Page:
Devilliers v. Balcomb, 79 N.M. 572, 446 P.2d 220 (1968)

Oct. 21, 1968 · Supreme Court of New Mexico · No. 8566
79 N.M. 572, 446 P.2d 220

446 P.2d 220

Betty June DeVILLIERS, Plaintiff-Appellant, v. Kenneth C. BALCOMB and Katherine J. Balcomb, his wife, Defendants-Appellees.

No. 8566.

Supreme Court of New Mexico.

Oct. 21, 1968.

*573Joseph B. Zucht, Arledge & Sherrod, Albuquerque, for plaintiff-appellant.

Hannett, Hannett & Cornish, Albuquerque, for defendants-appellees.


NOBLE, Justice.

Betty June DeVilliers brought a declaratory judgment action for a determination of her rights, as purchaser, under a real estate contract which had been terminated by the defendants, as sellers. She has appealed from a judgment in defendants’ favor.

In 1959, Mrs. DeVilliers and her husband bought the real estate in question by a written contract providing for annual payments of “$5,000 or more each” and accumulated interest commencing January 15, 1960. The contract further provided for its termination at seller’s option for failure to make any delinquent payment within thirty days after written demand, and contained a recital that “time is of the essence.” The court found that the 1966 annual payment and certain taxes were delinquent; that on February 10, 1966, sellers made written demand for the delinquent sums; that the written demand was received but payment was not made; and that on September 12, 1966, the deed reconveying the property to sellers was withdrawn from escrow and later recorded. Sellers’ attorney wrote the DeVilliers advising of the termination of the contract and giving them until November 15, 1966 to vacate the premises if they agreed to so vacate, and they signified such approval in writing on a copy of the letter. The court found that Mr. DeVilliers signed the approval and signed his wife’s name thereto with the wife’s consent.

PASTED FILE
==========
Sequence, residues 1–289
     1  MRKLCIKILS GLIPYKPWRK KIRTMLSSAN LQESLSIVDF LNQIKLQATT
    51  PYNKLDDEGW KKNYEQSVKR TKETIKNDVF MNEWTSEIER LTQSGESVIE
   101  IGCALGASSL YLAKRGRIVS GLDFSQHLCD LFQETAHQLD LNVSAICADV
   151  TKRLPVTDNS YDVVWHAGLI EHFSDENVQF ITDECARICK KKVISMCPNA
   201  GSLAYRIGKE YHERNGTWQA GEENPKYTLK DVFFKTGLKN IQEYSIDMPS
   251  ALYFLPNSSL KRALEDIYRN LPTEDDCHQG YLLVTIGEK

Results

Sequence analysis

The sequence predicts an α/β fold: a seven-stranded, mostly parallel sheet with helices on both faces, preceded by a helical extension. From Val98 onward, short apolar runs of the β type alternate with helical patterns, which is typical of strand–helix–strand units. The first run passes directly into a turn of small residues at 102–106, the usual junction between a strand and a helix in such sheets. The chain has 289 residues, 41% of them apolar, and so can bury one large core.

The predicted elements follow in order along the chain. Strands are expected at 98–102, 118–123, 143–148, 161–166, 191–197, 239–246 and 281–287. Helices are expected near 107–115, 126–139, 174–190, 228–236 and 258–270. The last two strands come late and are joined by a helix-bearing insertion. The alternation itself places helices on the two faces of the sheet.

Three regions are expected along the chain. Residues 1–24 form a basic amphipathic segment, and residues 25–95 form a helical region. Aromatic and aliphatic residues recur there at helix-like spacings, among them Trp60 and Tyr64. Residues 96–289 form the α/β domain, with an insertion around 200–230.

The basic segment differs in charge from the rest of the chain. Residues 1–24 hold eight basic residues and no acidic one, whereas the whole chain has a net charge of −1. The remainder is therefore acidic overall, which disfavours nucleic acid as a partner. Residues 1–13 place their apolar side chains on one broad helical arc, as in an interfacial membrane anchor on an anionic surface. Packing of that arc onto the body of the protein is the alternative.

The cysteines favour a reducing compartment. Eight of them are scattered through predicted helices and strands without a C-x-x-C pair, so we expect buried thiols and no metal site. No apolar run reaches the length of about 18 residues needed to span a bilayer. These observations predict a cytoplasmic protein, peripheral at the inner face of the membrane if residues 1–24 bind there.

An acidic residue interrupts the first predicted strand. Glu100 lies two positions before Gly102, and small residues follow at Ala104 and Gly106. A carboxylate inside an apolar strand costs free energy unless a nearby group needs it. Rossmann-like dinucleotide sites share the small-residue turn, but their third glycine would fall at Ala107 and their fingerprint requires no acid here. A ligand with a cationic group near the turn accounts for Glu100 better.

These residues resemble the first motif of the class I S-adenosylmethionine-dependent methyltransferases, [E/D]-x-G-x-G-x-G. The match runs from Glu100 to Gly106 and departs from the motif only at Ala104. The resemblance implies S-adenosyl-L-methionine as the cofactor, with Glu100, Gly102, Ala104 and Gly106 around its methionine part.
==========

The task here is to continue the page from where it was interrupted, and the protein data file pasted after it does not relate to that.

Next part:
Mrs. DeVilliers challenges that finding asserting that it lacks substantial support in the evidence. However, because of the disposition we make of other points relied rtpon for reversal, it is unnecessary to resolve this point. It was, at most, harmless error and furnishes no ground for reversal since the judgment is adequately supported by other uncontested findings. See Prude v. Lewis, 78 N.M. 256, 430 P.2d 753; Hancock v. Berger, 77 N.M. 321, 422 P.2d 359; Garcia v. Color Tile Distrib. Co., 75 N.M. 570, 408 P.2d 145.

The letter of February 10, 1966 demanded $5,000, the accrued interest, and the delinquent property taxes. Mrs. De-Villiers had paid more than $5,000 on the principal in 1965 and contends that the 1966 principal payment should have been reduced by the excess. We do not agree. An overpayment in one period by one who has purchased real estate under a contract obligating him to pay a specified sum or more each period does not relieve him of the duty of paying the specified amount on each and every payment date thereafter. Smith v. Renz, 122 Cal.App.2d 535, 265 P.2d 160; McBride v. Stewart, 68 Utah 12, 249 P. 114, 48 A.L.R. 267. See also *57455 Am.Jur., Vendor and Purchaser § 340; Annot., 48 A.L.R. 273. Compare Los Angeles Inv. Co. v. Wilson, 181 Cal. 616, 185 P. 853.